Designing a multi-function kitchen: ‘Don’t be tempted to cram the walls with cupboards — the biggest luxury is some free space’

Vicki McCarthy, designer at Tom Howley, on multifunctional kitchens.

Has lockdown accelerated the move towards multi-functional kitchens?

Definitely. Spending more time at home has encouraged us to consider how our spaces can be improved, especially the kitchen, where so much of our living at home takes place.

Increasingly, the kitchen is the space for working, family dining and socialising (when we can) and for relaxing, perhaps with a sofa and television.

How do you design with several functions in mind?

Begin by identifying zones for each specific task. Protect the cook-prep zone and avoid getting it mixed up with areas for socialising or a through route, because it is not a good idea to be attempting to drain a boiling pot of pasta as children are running past.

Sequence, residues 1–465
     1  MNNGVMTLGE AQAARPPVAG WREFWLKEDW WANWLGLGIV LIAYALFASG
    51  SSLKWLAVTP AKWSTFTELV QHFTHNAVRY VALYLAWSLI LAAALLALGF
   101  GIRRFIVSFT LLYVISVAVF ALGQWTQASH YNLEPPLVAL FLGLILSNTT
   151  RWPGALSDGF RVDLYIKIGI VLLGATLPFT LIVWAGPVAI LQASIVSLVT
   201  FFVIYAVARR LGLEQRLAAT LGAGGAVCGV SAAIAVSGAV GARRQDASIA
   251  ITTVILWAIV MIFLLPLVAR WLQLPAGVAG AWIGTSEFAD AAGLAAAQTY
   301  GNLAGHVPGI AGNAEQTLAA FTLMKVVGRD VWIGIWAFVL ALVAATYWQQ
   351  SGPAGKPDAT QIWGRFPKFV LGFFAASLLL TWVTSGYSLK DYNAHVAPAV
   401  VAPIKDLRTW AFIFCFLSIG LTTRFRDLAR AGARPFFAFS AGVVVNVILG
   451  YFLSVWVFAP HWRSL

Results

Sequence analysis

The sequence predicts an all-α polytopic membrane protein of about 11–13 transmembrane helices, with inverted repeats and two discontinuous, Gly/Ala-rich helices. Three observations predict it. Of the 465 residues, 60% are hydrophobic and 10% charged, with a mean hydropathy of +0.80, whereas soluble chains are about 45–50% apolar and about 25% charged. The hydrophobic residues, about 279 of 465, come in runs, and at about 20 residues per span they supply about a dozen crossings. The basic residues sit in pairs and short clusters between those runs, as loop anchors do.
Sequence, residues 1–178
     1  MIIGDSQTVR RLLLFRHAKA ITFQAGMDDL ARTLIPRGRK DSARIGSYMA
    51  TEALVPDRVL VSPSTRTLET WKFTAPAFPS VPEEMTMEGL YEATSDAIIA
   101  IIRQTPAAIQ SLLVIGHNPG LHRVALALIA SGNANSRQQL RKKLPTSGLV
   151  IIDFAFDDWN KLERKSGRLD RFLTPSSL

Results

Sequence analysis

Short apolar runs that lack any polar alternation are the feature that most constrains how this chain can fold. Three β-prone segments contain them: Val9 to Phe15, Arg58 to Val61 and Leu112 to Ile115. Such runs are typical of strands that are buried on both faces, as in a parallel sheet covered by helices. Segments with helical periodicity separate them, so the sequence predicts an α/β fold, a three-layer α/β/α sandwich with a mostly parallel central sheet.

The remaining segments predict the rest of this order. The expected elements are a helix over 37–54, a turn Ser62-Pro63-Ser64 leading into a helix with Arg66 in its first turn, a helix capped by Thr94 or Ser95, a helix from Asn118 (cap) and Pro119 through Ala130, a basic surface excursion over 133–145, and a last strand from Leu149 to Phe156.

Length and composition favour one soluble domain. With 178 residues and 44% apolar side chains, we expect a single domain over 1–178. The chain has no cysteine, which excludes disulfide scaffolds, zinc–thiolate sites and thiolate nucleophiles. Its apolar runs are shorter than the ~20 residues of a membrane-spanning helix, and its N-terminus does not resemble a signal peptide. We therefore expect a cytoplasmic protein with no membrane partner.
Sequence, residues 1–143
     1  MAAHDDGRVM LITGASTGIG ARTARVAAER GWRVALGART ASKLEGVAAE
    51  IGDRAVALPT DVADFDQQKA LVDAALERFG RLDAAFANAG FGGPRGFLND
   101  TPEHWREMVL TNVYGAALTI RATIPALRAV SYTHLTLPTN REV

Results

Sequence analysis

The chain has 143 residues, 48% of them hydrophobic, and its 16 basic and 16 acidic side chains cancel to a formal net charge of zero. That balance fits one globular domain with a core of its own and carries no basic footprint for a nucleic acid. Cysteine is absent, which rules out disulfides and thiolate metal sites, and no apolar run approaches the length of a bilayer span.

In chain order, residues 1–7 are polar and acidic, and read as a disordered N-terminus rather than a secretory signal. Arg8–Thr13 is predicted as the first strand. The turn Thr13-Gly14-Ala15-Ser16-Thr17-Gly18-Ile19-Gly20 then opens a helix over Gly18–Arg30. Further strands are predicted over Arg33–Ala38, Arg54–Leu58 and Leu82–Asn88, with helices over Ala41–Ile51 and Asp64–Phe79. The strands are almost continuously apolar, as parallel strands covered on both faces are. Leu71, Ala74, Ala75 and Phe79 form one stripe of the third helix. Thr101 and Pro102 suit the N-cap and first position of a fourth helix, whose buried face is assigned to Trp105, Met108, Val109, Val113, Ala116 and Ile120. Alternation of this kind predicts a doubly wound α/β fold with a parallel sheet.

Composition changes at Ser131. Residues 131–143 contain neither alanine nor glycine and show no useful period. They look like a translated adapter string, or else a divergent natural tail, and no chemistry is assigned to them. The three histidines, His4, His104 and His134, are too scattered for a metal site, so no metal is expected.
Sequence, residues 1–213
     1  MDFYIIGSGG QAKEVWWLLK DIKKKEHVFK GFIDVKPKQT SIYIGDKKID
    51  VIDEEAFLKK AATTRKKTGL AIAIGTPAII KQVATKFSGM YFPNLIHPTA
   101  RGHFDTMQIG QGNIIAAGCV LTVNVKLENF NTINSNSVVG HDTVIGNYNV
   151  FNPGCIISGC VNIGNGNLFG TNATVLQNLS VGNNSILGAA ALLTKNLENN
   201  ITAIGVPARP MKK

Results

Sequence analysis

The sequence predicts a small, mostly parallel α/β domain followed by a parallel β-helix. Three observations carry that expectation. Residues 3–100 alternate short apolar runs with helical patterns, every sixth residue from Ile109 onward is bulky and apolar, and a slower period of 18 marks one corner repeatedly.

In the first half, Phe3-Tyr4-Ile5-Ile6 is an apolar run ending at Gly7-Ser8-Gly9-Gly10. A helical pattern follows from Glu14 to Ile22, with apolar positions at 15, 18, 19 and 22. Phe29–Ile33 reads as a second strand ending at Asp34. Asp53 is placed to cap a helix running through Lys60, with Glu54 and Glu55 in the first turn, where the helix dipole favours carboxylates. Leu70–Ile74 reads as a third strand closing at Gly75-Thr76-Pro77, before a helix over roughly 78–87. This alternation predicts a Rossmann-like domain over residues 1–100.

For this reason, we are seeing a shift towards double islands in larger rooms (such as in this Hartford kitchen pictured here, from £20,000). One island can be used for cooking and prepping, the other for socialising.

What other requests do you receive?

Sometimes, we’re asked to build apertures in cabinetry to house a pet bed (no more tripping over the dog by the Aga). Power and USB sockets in islands make useful charging stations for phones and laptops; wine storage, a cocktail bar or a coffee station are also popular. Some keen bakers want a dresser with bi-fold doors to house a ready-to-use mixer, ingredients and specialist equipment.

But don’t be tempted to cram the walls with cupboards — the biggest luxury is some free space to display art, which will help the room feel less claustrophobic and more like the living space we want it to be.